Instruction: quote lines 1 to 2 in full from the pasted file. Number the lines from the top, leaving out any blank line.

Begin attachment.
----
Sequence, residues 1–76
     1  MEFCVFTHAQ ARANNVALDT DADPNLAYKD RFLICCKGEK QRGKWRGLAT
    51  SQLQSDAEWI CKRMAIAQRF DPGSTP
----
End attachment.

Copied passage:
Sequence, residues 1–76
     1  MEFCVFTHAQ ARANNVALDT DADPNLAYKD RFLICCKGEK QRGKWRGLAT